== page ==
# AN INTRODUCTION TO IRRATIONAL AND
IMAGINARY NUMBERS

**Please note that the Texas Instrument TI 30X II B or TI
30X II S calculators will be used for all**

calculator examples.

**Review: Rational Numbers **

Any type of number that can be written as the quotient of
two Integers. This includes all

terminating and repeating decimals, fractions , and the Integers.

**Irrational Numbers**

Any type of number that cannot be written as the quotient
of two Integers . They are non-terminating

decimal numbers.

Most irrational numbers result from findings roots of
certain other numbers. However,

there are also some irrational numbers that occur naturally, such as the number
π

(approximately 3.14) and the number **e** (approximately 2.72).

** Real Numbers **

The Real Numbers include all of the Rational and
Irrational Numbers.

**Imaginary Numbers**

Most imaginary numbers result from findings roots of
negative numbers given an **EVEN**

index only. The very basic imaginary number is given the letter i and i is
equal to

There is no real number that can be squared to get a
result of -1. Therefore,

the solution to only exists in our
imagination.

Please note that given an odd index, roots of negative
numbers result in rational or

irrational numbers.

**Finding Irrational Numbers**

Example 1 - Review of Unit 3:

Find the square root of 144.

According to the calculator
, where 12 is a terminating decimal,
specifically

an integer, which is a rational number.

Remember that 12(12) does equal 144 !!!

**Calculator Tip: You can find the square root in three
(3) different ways .**

**1. Easiest - Press the 2nd key and then the x^2 key.**

**Warning: Left parenthesis will open when you activate
, specifically**

you will see ( . After you type in the
radicand, you MUST type in the

right parenthesis, namely ")", before you press ENTER.

**2. You might also remember from Unit 3 and Unit 4, that**

**. Therefore, you can
also use the following input**

**Warning: You must enclose 1/2 in parentheses to ensure
that the**

radicand gets raised to the appropriate power ! See Order of Operation in

Unit 4.

**3. You can also activate
to find the square root. Simply press the 2nd
key first**

and then the carat key. Of course, you must remember that the index of a square

root is 2.

**Warning: You first have to type the index, then press
the appropriate key**

sequence, and then type in the radicand.

Example 2 - Review of Unit 7:

Find the cube root of -27.

According to the calculator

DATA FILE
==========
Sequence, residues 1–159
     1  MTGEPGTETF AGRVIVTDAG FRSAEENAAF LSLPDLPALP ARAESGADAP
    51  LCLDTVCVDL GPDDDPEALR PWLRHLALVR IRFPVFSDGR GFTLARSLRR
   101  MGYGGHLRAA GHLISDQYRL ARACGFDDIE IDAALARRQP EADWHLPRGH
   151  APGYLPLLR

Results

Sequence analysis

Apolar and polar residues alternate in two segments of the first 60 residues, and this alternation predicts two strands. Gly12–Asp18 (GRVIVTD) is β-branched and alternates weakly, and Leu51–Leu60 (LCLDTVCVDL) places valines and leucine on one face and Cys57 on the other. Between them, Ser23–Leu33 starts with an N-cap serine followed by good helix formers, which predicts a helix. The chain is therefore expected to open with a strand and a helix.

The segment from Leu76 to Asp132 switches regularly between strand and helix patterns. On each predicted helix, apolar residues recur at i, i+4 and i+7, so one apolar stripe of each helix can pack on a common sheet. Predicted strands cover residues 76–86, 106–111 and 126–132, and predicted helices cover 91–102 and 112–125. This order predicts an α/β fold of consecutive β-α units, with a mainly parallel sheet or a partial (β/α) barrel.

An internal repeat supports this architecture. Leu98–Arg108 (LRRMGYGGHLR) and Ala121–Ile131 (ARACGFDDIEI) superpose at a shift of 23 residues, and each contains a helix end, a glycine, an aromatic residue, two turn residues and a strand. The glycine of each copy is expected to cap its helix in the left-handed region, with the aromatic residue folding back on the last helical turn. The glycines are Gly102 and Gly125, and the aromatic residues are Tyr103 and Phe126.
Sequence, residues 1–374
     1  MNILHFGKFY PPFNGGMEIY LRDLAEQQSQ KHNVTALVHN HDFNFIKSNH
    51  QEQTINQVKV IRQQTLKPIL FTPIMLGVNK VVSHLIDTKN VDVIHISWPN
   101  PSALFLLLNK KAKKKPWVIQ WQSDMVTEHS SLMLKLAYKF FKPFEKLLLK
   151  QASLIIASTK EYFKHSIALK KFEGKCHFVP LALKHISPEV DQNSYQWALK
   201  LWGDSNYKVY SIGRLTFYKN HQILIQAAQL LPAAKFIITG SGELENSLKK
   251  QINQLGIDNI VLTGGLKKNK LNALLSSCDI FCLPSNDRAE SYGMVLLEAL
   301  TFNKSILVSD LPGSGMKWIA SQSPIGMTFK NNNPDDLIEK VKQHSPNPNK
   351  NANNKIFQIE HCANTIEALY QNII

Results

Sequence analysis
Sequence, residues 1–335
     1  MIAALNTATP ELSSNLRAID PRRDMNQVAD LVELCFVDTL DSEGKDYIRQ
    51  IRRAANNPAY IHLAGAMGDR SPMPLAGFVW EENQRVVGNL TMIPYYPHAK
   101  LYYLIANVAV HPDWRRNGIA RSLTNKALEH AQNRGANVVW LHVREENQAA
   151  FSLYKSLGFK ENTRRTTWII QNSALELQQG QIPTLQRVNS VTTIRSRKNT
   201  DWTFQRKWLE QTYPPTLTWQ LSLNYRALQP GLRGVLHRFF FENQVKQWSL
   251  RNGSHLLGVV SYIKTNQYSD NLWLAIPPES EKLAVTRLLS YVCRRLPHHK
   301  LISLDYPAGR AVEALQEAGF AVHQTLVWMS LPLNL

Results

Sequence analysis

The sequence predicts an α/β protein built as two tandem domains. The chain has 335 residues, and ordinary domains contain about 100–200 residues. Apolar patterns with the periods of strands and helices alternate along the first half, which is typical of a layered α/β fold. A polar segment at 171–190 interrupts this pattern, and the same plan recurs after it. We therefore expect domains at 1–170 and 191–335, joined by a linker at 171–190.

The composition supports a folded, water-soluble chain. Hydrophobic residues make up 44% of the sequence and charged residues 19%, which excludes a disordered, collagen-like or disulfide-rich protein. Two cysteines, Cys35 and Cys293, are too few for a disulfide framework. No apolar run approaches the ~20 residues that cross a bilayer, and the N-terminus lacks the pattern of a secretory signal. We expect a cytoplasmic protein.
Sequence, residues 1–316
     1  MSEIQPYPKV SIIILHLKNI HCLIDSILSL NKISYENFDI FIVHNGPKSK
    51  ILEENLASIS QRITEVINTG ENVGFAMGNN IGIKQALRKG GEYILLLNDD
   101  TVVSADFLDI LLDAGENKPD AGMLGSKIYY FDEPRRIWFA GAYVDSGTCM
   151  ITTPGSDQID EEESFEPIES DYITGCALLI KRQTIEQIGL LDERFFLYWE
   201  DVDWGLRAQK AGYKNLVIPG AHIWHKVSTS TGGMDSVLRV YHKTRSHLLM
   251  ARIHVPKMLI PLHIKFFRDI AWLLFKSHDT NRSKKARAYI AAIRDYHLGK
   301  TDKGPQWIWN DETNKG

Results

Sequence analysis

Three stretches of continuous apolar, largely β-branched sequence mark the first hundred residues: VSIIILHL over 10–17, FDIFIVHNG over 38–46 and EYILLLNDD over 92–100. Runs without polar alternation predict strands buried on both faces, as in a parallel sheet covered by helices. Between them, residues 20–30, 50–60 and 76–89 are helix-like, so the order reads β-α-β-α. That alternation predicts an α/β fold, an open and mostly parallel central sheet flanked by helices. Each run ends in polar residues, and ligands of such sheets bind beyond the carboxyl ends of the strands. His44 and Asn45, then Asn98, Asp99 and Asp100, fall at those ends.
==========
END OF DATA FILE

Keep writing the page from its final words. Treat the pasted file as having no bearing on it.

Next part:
, where -3 is a terminating decimal,
specifically

an integer, which is a rational number.

Remember that -3(-3)(-3) does equal -27 !!!

**Calculator Tip: You might also remember from Unit 3 and
Unit 4, that**

**. Therefore, you can
use the following input (easiest):**

**Warning: You must enclose both -27 and 1/3 in
parentheses. See Order**

of Operation in Unit 4.

**You can also activate
to find roots of any index. You have to
press the 2nd key**

first and then the carat ^ key.

**Warning: You first have to type the index, then press
the appropriate key**

sequence, and then type in the radicand.

**Example 3:**

Find the cube root of 144.

Use the following easiest calculator input:

According to the calculator
, where 5.241482788 is a non-terminating

decimal, which is an irrational number.

We CANNOT find a number written as the quotient of two
integers that, when

cubed, results in 144.

**Please note that the calculator eventually rounds to a
certain number of decimal**

places. That does not mean that the decimal terminated.

**Example 4:**

Find the cube root of -7.

Use the following easiest calculator input:

According to the calculator,where
-1.912931183 is a non-terminating

decimal, which is an irrational number. Note that the index is odd, therefore,

the root is NOT imaginary!

We CANNOT find a number written as the quotient of two
integers that, when

cubed, results in -7.

**Example 5:**

Given the number 81, find its square root, cube root, and
4th root.

square root: ... a
rational number (Unit 3)

because 9(9) = 81

cube root: ... an
irrational number

We CANNOT find a number written as the quotient of

two integers that, when cubed, results in 81.

4th root: ... a
rational number (Unit 3)

because 3(3)(3)(3) = 81

**Finding Imaginary Numbers**

**Example 1:**

Find the square root of -81.

Use the following easiest calculator input:

The calculator tells us **Domain Error!**

is an imaginary number
because the INDEX IS EVEN and the radicand is

negative.

There is no real number that can be squared to get a
result of -81. Therefore,

the solution to only exists in our
imagination.

**When we encounter the square root of a negative number,
it is customary to take**

the negative sign out of the radicand and convert it to the letter "i" as
follows:

**. There is an
assumed multiplication sign between the number i and**

the radical expression .

Since the number 81 is a perfect square , we can further
write .

It is customary to write the factor i AFTER a number once
the radical sign is eliminated.

**Example 2:**

Find the square root of -3.

Use the following easiest calculator input:

The calculator tells us **Domain Error!**

is an imaginary number
because the INDEX IS EVEN and the radicand is negative.

There is no real number that can be squared to get a result of -3. Therefore,

the solution to only exists in our
imagination.

Again we finish by writing
. Sometimes, we want to change the radical

expression to a decimal approximation (remember it is a non-terminating decimal)
in which case we write

Remember that it is customary to write the factor i AFTER
a number once the radical sign

is eliminated .

**Example 3:**

Given the number -64, find its square root and cube root.

square root: ... an
imaginary number (the index is even)

cube root: ... a
rational number (the index is odd)

because -4(-4)(-4) = -64